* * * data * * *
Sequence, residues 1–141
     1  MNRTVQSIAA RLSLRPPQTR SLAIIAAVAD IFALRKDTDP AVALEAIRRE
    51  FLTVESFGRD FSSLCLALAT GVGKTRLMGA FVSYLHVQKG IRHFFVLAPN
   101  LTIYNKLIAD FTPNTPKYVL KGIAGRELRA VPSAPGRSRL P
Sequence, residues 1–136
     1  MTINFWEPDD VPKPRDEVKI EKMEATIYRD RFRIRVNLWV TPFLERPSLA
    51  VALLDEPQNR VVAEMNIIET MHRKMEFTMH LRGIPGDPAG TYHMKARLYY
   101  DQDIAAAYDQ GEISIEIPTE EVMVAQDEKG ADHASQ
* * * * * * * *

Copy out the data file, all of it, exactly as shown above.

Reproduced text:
Sequence, residues 1–141
     1  MNRTVQSIAA RLSLRPPQTR SLAIIAAVAD IFALRKDTDP AVALEAIRRE
    51  FLTVESFGRD FSSLCLALAT GVGKTRLMGA FVSYLHVQKG IRHFFVLAPN
   101  LTIYNKLIAD FTPNTPKYVL KGIAGRELRA VPSAPGRSRL P
Sequence, residues 1–136
     1  MTINFWEPDD VPKPRDEVKI EKMEATIYRD RFRIRVNLWV TPFLERPSLA
    51  VALLDEPQNR VVAEMNIIET MHRKMEFTMH LRGIPGDPAG TYHMKARLYY
   101  DQDIAAAYDQ GEISIEIPTE EVMVAQDEKG ADHASQ